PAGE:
Higo A, Kawashima T, Borg M, Zhao M, López-Vidriero I, Sakayama H, Montgomery SA, Sekimoto H, Hackenberg D, Shimamura M, Nishiyama T, Sakakibara K, Tomita Y, Togawa T, Kunimoto K, Osakabe A, Suzuki Y, Yamato KT, Ishizaki K, Nishihama R, Kohchi T, Franco-Zorrilla JM, Twell D, Berger F, Araki T.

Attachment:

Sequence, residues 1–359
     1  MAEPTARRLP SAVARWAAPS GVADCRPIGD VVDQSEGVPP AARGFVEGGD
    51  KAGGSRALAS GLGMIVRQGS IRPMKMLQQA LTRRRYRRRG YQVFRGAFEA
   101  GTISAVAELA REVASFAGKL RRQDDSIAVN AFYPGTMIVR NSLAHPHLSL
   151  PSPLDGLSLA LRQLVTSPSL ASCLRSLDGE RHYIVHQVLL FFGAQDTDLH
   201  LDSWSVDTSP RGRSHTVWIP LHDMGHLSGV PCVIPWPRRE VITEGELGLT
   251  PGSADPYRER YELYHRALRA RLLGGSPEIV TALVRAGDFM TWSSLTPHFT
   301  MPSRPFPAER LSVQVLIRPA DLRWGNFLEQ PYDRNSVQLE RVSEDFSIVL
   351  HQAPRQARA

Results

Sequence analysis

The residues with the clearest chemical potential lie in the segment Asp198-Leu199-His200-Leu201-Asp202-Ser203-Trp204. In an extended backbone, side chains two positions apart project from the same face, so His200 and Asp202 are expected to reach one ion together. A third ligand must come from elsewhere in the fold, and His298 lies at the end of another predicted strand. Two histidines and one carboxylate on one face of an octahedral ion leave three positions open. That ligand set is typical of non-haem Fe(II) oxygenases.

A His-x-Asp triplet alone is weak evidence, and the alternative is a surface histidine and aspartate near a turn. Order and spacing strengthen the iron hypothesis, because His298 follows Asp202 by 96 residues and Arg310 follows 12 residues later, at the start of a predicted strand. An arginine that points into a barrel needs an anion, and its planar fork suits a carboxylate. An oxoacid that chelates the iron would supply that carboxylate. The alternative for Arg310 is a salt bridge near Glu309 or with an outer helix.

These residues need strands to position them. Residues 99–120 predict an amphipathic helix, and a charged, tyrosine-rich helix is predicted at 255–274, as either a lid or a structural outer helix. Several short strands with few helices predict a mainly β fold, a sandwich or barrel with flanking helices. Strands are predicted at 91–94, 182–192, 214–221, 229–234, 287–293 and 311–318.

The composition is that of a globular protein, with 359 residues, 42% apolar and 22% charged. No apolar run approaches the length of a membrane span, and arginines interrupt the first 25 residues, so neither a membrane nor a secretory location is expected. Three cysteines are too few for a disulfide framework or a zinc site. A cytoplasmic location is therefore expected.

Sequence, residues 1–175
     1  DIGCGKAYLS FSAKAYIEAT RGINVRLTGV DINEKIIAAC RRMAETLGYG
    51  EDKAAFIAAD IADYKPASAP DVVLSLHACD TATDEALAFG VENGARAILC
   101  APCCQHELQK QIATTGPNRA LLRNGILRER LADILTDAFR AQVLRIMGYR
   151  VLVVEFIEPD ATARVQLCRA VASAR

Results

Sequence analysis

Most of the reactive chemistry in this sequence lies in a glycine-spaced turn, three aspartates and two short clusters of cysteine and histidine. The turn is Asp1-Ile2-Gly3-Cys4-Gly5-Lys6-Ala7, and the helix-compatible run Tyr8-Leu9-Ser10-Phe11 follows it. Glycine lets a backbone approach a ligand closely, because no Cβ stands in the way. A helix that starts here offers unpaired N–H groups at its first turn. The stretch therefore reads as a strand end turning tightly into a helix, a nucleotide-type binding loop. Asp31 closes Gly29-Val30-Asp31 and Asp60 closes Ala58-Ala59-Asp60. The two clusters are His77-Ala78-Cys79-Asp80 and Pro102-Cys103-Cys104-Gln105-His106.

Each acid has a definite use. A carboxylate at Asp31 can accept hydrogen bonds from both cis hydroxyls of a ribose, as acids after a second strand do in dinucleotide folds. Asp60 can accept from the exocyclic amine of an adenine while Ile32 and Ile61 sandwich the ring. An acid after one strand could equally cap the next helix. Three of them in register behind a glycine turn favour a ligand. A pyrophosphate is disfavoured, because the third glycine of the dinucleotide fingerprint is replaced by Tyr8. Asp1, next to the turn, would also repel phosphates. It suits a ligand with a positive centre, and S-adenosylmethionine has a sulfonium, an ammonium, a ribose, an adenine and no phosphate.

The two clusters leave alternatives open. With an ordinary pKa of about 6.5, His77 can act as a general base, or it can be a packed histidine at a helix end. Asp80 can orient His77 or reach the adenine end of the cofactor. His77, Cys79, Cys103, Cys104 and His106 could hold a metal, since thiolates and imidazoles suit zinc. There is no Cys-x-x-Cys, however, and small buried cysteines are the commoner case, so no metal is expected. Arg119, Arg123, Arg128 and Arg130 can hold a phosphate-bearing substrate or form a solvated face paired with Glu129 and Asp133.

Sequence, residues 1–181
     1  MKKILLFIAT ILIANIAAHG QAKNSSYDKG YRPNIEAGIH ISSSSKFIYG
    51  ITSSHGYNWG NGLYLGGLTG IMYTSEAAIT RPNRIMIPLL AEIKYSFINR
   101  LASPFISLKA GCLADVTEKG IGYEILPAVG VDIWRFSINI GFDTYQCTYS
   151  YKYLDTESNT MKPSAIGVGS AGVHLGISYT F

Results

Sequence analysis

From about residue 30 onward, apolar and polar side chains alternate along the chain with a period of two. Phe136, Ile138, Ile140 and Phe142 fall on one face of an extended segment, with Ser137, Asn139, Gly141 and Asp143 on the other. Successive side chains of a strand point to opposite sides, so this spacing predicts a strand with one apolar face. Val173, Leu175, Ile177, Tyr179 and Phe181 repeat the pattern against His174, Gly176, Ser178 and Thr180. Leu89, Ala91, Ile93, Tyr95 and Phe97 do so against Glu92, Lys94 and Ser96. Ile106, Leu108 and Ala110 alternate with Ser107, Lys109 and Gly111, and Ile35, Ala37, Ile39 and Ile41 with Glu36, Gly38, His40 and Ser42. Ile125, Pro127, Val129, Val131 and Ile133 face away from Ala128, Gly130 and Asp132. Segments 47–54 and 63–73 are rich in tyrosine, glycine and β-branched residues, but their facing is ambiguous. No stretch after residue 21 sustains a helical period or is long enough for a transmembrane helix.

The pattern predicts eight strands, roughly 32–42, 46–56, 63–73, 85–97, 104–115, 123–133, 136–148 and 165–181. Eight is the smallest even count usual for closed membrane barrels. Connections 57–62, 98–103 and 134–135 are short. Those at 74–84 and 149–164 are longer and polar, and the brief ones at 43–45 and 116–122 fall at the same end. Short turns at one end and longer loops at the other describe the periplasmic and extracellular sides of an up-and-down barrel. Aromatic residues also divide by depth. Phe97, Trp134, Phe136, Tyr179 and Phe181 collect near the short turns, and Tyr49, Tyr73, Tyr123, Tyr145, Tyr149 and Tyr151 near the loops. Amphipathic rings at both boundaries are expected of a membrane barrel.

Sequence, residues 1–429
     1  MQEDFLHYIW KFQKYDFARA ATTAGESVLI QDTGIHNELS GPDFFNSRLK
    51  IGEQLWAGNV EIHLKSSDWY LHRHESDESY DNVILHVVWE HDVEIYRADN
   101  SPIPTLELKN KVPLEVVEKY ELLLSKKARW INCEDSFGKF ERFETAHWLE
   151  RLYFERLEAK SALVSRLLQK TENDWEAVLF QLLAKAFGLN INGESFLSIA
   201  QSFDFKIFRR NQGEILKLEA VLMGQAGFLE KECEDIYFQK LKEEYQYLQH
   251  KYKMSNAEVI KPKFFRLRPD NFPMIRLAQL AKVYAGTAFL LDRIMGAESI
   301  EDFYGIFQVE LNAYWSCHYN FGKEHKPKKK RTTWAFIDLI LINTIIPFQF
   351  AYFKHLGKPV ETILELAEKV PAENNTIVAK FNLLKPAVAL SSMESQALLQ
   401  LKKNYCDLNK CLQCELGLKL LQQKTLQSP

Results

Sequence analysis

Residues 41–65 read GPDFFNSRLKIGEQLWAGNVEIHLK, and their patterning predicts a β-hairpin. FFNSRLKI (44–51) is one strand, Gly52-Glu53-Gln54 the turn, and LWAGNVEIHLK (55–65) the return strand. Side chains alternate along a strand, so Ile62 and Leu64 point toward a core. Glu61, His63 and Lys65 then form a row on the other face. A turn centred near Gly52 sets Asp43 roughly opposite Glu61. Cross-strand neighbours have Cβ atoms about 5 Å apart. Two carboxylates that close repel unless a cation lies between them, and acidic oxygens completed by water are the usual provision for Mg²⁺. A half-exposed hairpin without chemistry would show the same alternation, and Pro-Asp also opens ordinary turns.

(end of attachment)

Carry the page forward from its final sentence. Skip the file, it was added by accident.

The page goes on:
Evolutionary mechanisms underlying innovation of cell types have remained largely unclear. In multicellular eukaryotes, the evolutionary molecular origin of sperm differentiation is unknown in most lineages. Here, we report that in algal ancestors of land plants, changes in the DNA-binding domain of the ancestor of the MYB transcription factor DUO1 enabled the recognition of a new cis-regulatory element. This event led to the differentiation of motile sperm. After neo-functionalization, DUO1 acquired sperm lineage-specific expression in the common ancestor of land plants. Subsequently the downstream network of DUO1 was rewired leading to sperm with distinct morphologies. Conjugating green algae, a sister group of land plants, accumulated mutations in the DNA-binding domain of DUO1 and lost sperm differentiation. Our findings suggest that the emergence of DUO1 was the defining event in the evolution of sperm differentiation and the varied modes of sexual reproduction in the land plant lineage.